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How Stock Options Expire
Expiration dates for options of a single underlying stock are offered on a predictable cycle. Every stock with listed options can be identified by the cycle to which it belongs, and these remain unchanged. There are three annual cycles: 1. January, April, July, and October (JAJO). 2. February, May, August, and November (FMAN).
3. March, June, September, and December (MJSD). In addition to these fixed expiration cycle dates, active options are available for expiration in the upcoming month. For example, let's suppose that a particular stock has options expiring in the cycle month of April. In February, you may be able to trade in short-term options expiring in March (even though that is not a part of the normal cyclical expiration).
Tip: Some options traders use short-term options as speculative devices. Because they come and go more rapidly than the cyclical options, they often are overlooked as opportunities. For example, they can be used to temporarily protect longer-term short option positions. An option's expiration takes place on the third Saturday of the expiration month. An order to close an open position has to be placed and executed no later than the last trading day before expiration day, and before the indicated expiration time for the option. As a general rule, this means that the trade has to be executed before the close of business on the Friday immediately before the Saturday of expiration; however, a specific cut off time could be missed on an exceptionally busy Friday, so you need to ensure that your broker is going to be able to execute your trade in time to comply with the rules. The last-minute order that you place can be one of three types of transactions. It can be an order to buy in order to close a currently open (previously sold) short position; an order to sell an existing long position to close; or an exercise order to buy or to sell 100 shares of stock for each option involved. If a last-minute exercise is made against your short position, the order is entered without your advance knowledge; you are advised of exercise and instructed to deliver funds (for an exercised call) or to accept and pay for shares (for an exercised put). Example: A Matter of Timing: You bought a call scheduled to expire in the month of July.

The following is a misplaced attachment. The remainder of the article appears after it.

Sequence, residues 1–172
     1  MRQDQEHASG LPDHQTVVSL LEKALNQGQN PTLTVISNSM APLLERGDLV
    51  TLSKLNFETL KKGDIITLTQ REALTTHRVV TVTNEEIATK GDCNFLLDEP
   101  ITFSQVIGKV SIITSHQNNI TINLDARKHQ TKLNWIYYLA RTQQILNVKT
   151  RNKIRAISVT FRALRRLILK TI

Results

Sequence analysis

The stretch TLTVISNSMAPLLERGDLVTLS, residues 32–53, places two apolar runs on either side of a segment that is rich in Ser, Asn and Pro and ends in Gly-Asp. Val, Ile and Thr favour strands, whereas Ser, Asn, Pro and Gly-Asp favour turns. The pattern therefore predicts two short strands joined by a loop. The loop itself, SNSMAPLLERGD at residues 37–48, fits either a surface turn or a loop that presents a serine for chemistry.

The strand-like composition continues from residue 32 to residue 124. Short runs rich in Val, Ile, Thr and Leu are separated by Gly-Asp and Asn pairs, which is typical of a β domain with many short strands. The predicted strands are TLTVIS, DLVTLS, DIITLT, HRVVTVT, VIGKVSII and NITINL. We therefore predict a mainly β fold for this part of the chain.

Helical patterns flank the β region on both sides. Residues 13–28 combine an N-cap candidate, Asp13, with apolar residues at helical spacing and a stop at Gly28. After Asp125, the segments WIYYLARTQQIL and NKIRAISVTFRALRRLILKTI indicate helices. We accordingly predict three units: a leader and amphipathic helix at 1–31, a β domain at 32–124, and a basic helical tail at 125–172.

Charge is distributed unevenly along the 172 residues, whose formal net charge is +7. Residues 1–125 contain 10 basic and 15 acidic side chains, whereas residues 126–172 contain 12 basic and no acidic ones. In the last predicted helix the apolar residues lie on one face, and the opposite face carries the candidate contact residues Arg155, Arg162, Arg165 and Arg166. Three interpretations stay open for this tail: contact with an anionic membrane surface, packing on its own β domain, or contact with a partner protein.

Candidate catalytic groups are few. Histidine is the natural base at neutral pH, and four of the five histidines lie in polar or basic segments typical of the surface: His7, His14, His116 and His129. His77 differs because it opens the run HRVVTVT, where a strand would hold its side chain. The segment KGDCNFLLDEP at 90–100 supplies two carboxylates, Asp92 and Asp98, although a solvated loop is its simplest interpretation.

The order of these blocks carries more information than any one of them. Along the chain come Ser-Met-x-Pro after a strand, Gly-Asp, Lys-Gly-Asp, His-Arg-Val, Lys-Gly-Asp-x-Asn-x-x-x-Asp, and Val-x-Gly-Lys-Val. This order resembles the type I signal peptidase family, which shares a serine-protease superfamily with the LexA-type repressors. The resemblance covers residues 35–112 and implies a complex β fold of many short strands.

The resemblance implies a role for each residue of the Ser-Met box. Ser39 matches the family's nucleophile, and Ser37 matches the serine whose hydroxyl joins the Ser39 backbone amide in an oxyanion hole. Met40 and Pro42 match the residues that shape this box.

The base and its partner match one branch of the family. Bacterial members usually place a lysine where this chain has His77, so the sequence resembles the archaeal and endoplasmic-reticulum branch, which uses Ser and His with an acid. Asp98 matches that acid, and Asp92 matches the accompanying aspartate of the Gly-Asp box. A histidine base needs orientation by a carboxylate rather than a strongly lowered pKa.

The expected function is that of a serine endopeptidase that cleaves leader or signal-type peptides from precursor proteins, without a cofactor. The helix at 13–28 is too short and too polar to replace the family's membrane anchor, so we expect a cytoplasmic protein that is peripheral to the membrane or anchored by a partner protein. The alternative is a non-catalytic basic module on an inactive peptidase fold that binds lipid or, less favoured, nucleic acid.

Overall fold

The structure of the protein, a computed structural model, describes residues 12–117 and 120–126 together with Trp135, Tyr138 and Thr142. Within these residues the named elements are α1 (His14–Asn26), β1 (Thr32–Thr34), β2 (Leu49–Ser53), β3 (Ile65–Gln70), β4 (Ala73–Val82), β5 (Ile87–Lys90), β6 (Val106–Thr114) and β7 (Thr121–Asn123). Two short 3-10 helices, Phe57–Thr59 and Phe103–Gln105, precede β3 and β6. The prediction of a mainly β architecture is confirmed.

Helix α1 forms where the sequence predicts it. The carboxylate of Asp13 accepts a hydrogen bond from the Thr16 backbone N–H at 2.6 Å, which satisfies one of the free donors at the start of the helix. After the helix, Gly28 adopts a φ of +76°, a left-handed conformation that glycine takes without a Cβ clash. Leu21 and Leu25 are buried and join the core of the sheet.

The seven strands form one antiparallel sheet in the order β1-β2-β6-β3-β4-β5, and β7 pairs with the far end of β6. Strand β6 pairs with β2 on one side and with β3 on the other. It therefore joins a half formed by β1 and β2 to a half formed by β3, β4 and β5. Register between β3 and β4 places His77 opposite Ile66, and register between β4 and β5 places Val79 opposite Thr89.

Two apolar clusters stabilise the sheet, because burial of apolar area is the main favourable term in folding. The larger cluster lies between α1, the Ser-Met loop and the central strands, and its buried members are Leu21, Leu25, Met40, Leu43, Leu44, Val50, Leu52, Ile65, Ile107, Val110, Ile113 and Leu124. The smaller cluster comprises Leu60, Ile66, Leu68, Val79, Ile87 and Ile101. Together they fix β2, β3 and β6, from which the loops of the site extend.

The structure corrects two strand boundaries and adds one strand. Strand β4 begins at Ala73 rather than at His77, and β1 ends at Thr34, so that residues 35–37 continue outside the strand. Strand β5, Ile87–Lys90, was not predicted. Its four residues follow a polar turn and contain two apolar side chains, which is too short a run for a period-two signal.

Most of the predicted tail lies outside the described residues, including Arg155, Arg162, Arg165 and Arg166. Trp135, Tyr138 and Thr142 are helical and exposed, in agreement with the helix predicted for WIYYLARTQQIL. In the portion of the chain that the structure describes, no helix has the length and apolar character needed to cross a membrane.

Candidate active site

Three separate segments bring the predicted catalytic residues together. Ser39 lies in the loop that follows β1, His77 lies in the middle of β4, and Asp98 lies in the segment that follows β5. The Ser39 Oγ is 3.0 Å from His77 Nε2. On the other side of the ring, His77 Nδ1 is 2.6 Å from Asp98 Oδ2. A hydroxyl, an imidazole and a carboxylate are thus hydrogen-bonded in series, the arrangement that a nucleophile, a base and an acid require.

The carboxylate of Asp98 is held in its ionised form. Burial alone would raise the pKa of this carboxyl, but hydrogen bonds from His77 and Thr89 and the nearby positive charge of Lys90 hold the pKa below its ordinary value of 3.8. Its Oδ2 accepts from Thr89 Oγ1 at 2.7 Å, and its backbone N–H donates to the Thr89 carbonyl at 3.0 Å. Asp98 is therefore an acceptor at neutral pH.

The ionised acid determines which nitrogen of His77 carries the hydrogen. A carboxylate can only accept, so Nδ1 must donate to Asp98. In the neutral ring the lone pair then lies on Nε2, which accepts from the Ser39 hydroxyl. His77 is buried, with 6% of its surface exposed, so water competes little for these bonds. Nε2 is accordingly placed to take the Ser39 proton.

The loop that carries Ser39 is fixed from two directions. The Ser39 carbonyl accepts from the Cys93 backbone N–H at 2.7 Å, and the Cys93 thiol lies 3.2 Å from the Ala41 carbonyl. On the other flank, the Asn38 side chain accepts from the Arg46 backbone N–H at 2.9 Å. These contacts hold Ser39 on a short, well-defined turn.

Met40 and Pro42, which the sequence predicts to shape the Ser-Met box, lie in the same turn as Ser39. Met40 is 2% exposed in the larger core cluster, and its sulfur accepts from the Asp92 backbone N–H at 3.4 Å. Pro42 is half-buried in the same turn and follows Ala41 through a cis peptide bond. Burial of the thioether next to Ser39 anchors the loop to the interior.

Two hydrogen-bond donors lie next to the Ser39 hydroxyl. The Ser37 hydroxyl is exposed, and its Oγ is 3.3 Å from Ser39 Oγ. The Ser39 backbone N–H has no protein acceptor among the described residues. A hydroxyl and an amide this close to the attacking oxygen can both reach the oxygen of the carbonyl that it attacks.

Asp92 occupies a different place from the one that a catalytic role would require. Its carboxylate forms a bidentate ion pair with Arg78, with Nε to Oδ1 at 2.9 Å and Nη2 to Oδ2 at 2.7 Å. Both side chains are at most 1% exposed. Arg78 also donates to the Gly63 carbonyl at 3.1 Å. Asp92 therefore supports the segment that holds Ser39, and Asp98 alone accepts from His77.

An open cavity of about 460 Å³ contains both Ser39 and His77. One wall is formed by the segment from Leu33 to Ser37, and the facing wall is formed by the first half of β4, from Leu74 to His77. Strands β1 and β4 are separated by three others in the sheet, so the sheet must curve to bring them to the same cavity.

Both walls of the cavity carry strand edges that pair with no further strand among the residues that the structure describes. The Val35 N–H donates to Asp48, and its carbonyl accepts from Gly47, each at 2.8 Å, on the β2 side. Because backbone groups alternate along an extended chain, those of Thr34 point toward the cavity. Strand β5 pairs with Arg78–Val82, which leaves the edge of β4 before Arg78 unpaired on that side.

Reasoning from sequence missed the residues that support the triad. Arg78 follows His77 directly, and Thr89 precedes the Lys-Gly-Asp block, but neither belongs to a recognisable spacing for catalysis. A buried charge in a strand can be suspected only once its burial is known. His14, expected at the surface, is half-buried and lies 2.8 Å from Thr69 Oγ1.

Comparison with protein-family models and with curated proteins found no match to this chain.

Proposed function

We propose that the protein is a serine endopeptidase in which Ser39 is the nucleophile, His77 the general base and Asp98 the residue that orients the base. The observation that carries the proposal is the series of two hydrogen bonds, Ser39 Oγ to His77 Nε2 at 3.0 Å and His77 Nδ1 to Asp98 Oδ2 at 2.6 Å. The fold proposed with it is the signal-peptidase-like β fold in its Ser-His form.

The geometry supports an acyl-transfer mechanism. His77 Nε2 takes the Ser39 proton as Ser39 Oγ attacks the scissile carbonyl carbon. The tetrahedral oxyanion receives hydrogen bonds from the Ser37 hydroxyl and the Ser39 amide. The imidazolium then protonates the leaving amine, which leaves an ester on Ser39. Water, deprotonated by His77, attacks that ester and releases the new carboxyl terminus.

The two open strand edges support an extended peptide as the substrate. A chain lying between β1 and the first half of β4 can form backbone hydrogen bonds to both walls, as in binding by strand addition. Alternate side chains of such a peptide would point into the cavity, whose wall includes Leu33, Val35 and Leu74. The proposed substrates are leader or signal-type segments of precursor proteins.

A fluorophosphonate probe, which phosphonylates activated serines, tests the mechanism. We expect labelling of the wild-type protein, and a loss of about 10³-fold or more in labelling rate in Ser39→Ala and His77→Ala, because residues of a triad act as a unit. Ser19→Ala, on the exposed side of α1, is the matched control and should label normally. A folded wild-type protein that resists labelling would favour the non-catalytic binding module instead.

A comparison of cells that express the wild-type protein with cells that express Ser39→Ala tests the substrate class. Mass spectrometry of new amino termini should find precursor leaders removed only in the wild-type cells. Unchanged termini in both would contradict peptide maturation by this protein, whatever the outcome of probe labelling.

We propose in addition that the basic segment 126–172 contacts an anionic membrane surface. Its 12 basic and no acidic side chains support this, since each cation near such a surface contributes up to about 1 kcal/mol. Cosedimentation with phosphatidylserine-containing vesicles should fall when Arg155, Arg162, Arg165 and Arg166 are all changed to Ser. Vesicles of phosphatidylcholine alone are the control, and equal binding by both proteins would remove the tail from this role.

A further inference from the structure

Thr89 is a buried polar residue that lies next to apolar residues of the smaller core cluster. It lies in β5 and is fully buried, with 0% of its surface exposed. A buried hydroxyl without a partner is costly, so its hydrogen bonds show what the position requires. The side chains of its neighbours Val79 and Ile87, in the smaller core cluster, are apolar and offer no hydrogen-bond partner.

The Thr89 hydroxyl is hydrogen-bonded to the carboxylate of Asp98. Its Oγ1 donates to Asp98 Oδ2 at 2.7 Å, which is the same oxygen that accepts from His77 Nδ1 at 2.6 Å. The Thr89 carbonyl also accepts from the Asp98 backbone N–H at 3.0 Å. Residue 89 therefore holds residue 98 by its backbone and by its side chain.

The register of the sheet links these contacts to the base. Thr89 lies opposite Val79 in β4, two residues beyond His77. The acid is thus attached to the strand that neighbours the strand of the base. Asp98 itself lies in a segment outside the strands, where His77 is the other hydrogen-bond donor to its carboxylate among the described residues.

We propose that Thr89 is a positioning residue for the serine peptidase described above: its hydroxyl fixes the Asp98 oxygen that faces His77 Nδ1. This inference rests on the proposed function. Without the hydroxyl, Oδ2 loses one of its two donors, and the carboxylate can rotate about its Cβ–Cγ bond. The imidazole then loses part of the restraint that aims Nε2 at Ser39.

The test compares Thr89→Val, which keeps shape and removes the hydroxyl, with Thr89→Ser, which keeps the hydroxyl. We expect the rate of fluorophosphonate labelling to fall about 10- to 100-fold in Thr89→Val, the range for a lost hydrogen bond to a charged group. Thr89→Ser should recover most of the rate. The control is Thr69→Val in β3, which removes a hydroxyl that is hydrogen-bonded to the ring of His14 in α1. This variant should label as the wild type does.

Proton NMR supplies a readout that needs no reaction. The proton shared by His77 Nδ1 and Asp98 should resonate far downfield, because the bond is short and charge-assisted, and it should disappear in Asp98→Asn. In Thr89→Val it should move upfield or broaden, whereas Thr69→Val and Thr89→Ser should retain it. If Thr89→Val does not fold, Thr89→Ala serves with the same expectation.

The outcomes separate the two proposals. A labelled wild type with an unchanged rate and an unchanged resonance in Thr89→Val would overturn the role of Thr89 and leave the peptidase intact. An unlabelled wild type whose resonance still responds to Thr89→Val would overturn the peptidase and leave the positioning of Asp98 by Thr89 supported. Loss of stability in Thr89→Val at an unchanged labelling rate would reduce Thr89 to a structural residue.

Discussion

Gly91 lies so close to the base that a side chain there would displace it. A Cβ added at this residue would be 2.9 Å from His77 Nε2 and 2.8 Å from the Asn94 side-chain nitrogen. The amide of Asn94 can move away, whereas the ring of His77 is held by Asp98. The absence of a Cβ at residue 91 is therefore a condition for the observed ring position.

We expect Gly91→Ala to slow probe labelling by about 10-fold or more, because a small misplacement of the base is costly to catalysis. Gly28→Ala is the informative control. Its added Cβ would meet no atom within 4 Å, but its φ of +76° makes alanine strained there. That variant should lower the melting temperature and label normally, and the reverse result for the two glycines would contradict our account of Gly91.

Its expiration occurs on the third Saturday in that month. You need to place a sell order or an order to exercise the call (to buy 100 shares of stock at the striking price) before expiration time on the preceding Friday, which is the last trading day prior to expiration. If you fail to place either a sell or exercise order by that time, the option will expire worthless and you will receive no benefit. With the pending deadline in mind and the unknown potential for a busy Friday in the market—which can occur whether you place orders over the telephone or on the Internet—you need to place that order with adequate time for execution. You can place the order far in advance with instructions to execute it by the end of business on Friday. If the brokerage firm accepts that order, then you will be protected if they fail to execute—as long as you placed the order well in advance of the deadline. Opening and Closing Option Trades Every option trade you make must specify the four terms: striking price, expiration month, call or put, and the underlying stock. If any of these terms changes, that means that an entirely different option is involved. Whenever you have opened an option by buying or selling, the status is called an open position. When you buy, it is described as an opening purchase transaction.
And if you start out by selling an option, that is called an opening sale transaction. Example: Open and Close: You bought a call two months ago. When you entered your order, it was an opening purchase transaction. That status remains the same as long as you take no further action. The position will be closed when you enter a closing sale transaction to sell the call; you may also exercise the option; if you do not take either of these actions, the option will expire. Example: The Risk of Exercise: You sold a call last month, placing yourself in a short position. As long as you take no further action, the position remains open. You can choose to wait out the expiration period; or you may execute a closing purchase transaction, and cancel the option before expiration. As long as the short position remains open, it is also possible that the call will be exercised and you will have 100 shares called away at the striking price. Exercise will only occur if the stock's market price moves higher than the call's striking price.
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